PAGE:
7 Ways to Develop Trust With Your Young Adult Using Parental Intelligence
Written by ,
in Section Teen Life
Trust is crucial in any relationship but is especially important in a parent/child relationship. Unfortunately, trust can easily be broken but it is very difficult to be repaired. Many young adults believe their parents and other older adults are "clueless". It can be tricky moving from the parent/minor child relationship to being a parent of a young adult. Suddenly, it feels as if everything is changing and parents can sometimes find it impossible to relate to their child, much less develop a relationship built on mutual trust. These tips, offered by At the Crossroads, can help.
Understanding the Young Adults Mind
Understanding a young adult's mind can be extremely difficult for many parents. It is important parents take time in talking with their child and learning what type of adult they have become. Learn about their beliefs, life goals, and struggles. This can be discovered through developing an ongoing dialogue.
Change from Adolescence
It is paramount parents realize their young adult child is not the same person they were as an adolescent. Developmental changes continue well into early adulthood so a parent may suddenly feel as if they no longer know their child, which can be disheartening.
Don't Be Too Serious
One of the biggest mistakes parents can make in their relationship with their young adult child is to be too serious. While there is a time for being serious, there is also a time for having fun. Parents are often surprised at their child's reaction when they get outside of the box and begin to experience fun and excitement with their child. This can lead to a stronger bond and trust development.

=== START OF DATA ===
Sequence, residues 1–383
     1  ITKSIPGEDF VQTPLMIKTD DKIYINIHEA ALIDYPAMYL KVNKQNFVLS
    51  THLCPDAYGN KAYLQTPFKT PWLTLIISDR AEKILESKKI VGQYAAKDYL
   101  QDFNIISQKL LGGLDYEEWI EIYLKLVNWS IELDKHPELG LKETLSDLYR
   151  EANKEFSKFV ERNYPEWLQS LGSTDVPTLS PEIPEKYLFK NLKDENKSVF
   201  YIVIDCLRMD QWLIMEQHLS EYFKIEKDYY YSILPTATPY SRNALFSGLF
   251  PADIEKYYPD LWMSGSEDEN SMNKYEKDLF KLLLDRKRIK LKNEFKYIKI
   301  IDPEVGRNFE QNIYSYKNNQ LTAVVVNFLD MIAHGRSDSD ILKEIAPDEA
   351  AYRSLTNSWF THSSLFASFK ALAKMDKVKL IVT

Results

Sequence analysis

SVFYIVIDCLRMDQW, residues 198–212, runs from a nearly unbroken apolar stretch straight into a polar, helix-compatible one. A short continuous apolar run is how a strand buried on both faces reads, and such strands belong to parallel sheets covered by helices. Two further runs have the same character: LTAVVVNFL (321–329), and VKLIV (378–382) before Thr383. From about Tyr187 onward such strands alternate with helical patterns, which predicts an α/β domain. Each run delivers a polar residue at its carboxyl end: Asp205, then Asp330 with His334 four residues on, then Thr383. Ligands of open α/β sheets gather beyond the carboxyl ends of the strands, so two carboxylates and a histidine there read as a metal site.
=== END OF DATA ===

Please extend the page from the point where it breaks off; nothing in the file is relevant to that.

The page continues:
Finding Common Ground
Finding common ground is an easy way for parents to gain the trust of their child. Although young adults often find their parents to be "uncool", they are frequently surprised they have more in common with them than they realize. Finding a hobby, social cause, or even a sport you both like can bring stronger trust levels to the relationship.
Trust Don't Pry
Parents often feel they are entitled to information about their child's life simply because they are the parent. This can be a problematic approach when it comes to trying to build a better relationship built on trust. All young adults are different in the way they keep their lives private. It is important parents do not push for information but show interest when their child does share a portion of their private life.
Share Your Stories
When a parent begins to share their life with their young adult child, they may be surprised to learn how this can open up the lines of communication and instill a greater level of trust in the relationship. Believe it or not, a parent's stories about the mistakes they have made growing up can actually free a young adult's mind so they are not so worried about making mistakes on their own. Once they realize their parents are actually "human", they can relate to them on a much deeper level.
Allow Room for Mistakes
It is important parents give their young adult children room to make mistakes. If a parent is there to pick up the pieces every time their child makes a mistake, the level of trust can become too much, to the point a child relies on their parent more than they should. A natural balance needs to occur so a child can become independent, yet not feel alone as they spring forward into selfsufficiency.
At the Crossroads understands the importance of parent/child relationships. We help struggling young adults who are finding it difficult to transition from adolescence to adulthood. Our residential independent living program works with troubled young adults who may have mental health concerns that may have caused them to turn to substance abuse for relief.
Our unique program focuses on every aspect of healing so a holistic approach is taken. When young adults graduate from our program, they are ready to be self-sufficient adults who are free to live their lives independently while feeling confident in their ability to do so.